Nearly fifty people were waiting for dental care when we arrived at Terrier Rouge just before noon. Quickly changing into our scrubs and not really having an idea what we were in for, the team saw approximately 100 patients that afternoon between 1:00 and 5:00 p.m. Routine dental care normally extended in the U.S. was discarded and replaced by extractions-only procedures on the open-air front porch of the City Hall where our makeshift clinic was quickly put together. An assembly line of patients was formed where an interpreter would ask the patient to point to the problem tooth; an injection was made at the site where the patient pointed; the patient was moved forward to a holding area where he/she would wait for the novocaine to become effective; once the tooth was adequately numbed, the patient was then moved to one of the five available dentists who would then extract the tooth. The patient then was given a packet containing antibiotics and a small amount of pain medication with instructions (again, from an interpreter) as to how to manage the medications.
And so it went. Our makeshift dental clinic, interpreters, people lined up 40 and 50 deep, teeth extracted (sometimes as many as 10 at a time), and herculean efforts at trying to keep instruments as sterile as possible in a significantly un-sterile setting. Working from sunup until dusk, as there was no electricity in the village, we performed our mission work. The people were so appreciative, patient, and oh-so kind. It was a privilege serving them.
Our dorm facilities were spartan but clean. Showers were provided by a suspended barrel of water heated by the Caribbean sun during the day. We were advised to keep our mouths closed during showers to avoid any possibility of ingesting contaminated water from the barrels. Meals and lodging were provided by the Catholic rectory in the village and were sumptuous by Haitian standards. We were humbled by their kindness and hospitality.
Nights were filled with the thumping rhythms of voodoo drums and crowing roosters. Never wandering from our compound at night, we could only imagine the rituals performed by those participants of what we were told was the country's major religion. The darkness seemed even more so as we witnessed those haunting sounds.
We had fallen into a somewhat predictable routine of processing those patients arriving for treatment. In fact, it was almost efficient. Our day began routinely enough at 5:30 a.m. on the Friday we received word that riots had begun in Cap Haitien sparked again by the despotism and oppression familiarly associated with the Duvalier regime. We were instructed to abandon our duties in Terrier Rouge and return immediately to Cap Haitien where our chartered plane would take us back to the U.S. and out of harm's way that was erupting in Haiti. In a surreal 3 hours time, we had packed instruments, left medical supplies with the rectory, and heart-breakingly informed those 75 patients waiting for treatment that we had to flee the country. Many of those patients had walked great distances that morning for service only to be turned away by events in a country that had become all too commonplace to them: A tyrant's selfish whim to have his way with this torn land.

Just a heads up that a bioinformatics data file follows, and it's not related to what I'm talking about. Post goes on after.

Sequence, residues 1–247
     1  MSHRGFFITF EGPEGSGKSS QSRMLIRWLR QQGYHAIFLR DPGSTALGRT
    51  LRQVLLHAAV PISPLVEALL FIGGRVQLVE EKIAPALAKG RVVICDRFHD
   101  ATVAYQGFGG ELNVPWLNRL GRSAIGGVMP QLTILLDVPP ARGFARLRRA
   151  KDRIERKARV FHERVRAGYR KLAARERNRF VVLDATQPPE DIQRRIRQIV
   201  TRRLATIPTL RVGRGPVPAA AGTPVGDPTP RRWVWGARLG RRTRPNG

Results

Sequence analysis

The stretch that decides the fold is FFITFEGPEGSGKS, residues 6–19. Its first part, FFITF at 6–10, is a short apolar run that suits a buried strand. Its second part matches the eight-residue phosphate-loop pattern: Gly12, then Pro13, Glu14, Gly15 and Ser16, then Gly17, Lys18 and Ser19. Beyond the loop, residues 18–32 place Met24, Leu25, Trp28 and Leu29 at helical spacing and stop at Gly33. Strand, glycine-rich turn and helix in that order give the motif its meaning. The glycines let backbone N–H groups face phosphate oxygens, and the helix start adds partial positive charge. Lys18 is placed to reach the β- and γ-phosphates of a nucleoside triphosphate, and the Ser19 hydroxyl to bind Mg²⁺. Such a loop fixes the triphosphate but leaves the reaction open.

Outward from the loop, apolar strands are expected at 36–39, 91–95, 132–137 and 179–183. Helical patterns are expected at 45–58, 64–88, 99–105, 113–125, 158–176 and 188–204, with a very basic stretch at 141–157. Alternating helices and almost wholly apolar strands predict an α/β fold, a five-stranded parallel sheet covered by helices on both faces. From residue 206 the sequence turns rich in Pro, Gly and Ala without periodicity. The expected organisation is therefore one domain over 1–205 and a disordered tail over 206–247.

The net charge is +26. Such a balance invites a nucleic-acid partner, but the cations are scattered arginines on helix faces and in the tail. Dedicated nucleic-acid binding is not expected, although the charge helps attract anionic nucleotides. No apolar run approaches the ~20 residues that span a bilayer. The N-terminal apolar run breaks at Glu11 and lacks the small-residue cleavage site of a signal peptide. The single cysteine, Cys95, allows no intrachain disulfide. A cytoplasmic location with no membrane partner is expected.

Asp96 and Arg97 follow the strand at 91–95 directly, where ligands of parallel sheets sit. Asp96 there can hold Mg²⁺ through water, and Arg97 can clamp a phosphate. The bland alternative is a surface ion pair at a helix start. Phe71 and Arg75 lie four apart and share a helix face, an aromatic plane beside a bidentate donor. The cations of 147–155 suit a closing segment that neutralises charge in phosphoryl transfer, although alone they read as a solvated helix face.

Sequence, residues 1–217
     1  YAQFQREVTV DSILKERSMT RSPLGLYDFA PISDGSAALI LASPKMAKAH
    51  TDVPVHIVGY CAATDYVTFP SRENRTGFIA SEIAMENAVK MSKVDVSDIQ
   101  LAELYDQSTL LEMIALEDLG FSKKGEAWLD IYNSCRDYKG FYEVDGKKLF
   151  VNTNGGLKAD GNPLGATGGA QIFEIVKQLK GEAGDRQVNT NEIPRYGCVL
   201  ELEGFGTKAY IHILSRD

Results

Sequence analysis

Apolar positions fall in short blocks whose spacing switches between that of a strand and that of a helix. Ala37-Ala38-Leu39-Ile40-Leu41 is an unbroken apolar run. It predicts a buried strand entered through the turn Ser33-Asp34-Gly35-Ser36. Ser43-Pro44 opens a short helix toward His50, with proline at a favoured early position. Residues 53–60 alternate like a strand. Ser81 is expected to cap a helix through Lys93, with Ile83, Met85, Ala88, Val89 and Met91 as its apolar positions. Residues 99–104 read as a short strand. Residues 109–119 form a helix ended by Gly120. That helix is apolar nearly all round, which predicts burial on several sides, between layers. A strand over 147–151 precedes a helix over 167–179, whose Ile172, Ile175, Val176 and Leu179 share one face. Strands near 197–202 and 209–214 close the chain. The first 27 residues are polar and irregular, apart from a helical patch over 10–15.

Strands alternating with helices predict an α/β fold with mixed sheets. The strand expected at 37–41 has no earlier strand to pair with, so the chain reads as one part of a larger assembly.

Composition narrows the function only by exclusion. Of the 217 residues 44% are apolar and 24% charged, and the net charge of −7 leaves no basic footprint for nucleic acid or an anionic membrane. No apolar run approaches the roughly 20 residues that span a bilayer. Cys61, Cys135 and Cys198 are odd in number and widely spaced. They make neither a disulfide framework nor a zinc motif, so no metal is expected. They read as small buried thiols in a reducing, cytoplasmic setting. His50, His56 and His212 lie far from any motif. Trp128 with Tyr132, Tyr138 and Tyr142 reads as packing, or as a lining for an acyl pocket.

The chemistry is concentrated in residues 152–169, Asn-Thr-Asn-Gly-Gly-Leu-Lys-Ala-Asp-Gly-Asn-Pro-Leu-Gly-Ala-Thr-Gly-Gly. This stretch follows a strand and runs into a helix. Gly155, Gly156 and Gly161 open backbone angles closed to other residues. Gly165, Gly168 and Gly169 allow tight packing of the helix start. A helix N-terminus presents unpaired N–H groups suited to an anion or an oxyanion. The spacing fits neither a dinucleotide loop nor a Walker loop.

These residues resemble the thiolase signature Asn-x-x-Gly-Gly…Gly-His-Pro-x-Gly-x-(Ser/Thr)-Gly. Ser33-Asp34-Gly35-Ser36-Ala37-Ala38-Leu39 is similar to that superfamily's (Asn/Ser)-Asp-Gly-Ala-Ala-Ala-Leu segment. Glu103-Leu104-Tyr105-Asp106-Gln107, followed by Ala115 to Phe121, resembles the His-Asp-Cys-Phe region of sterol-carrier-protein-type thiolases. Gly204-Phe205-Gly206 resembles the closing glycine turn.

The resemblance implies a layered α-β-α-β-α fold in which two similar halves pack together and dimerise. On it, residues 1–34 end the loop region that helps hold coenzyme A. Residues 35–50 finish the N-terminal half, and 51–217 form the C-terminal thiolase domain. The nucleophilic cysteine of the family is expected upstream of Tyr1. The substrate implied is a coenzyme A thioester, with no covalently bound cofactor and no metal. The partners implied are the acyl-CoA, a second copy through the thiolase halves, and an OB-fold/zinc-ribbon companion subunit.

At 11:30 a.m. the vehicle arrived in Terrier Rouge to carry our medical team and its gear to Cap Haitien. We quickly loaded our belongings with urgent warnings to get back to the city immediately for departure out of the country. Our vehicle met another roadblock and, this time, it took a bit longer to explain why we were heading into Cap Haitien. However, explanations accepted, we were allowed to pass the checkpoint without further issues.
We arrived in Cap Haitien around 1:30 p.m. finding, to our horror, that our pilot had been told, as we were enroute to our rendezvous point with him, to leave the country immediately. Failure to do so would result in his plane being impounded. So, without ceremony and taking the threats very seriously, he flew his plane and our exit strategy back to Florida leaving us stranded in a country beginning a slow boil toward revolution.
"Abas Duvalier!" (Down with Duvalier!) graffiti was scrawled on several buildings as we arrived at the Imperial Hotel--the predetermined spot where our pilot would have met us and taken us home. Our party was the hotel's only guests and a skeleton crew had remained there to presumably take care of us. There was a great deal of confusion about the actual political climate from our vantage point. However, internationally news reports were stating the country was indeed in revolt and people were "fleeing the country"...The State Department had erroneously reported that Baby Doc had left the country, but it was clear to us that he had not. He had closed the airports and imposed strong military sanctions to keep order in the country.
Back home our families were more than a little concerned about our safety and the status of our return trip to the U.S. Conflicting reports from various state and federal government agencies added to the angst felt by all. Our communication link was a single phone located in the lobby of the hotel where numerous calls were made and received trying to work out a reasonable solution to our plight. All to no avail...
One visit from a State Department official suggested that we (somehow) travel to Port Au Prince and book a commercial flight back to the U.S. The problem with that suggestion were the many miles that lay between us and that city where roads were being aggressively blocked by Baby Doc's thugs. And, we learned later, that commercial flights out of Port Au Prince were backlogged for at least two weeks in the remote event that we could even get to Port Au Prince.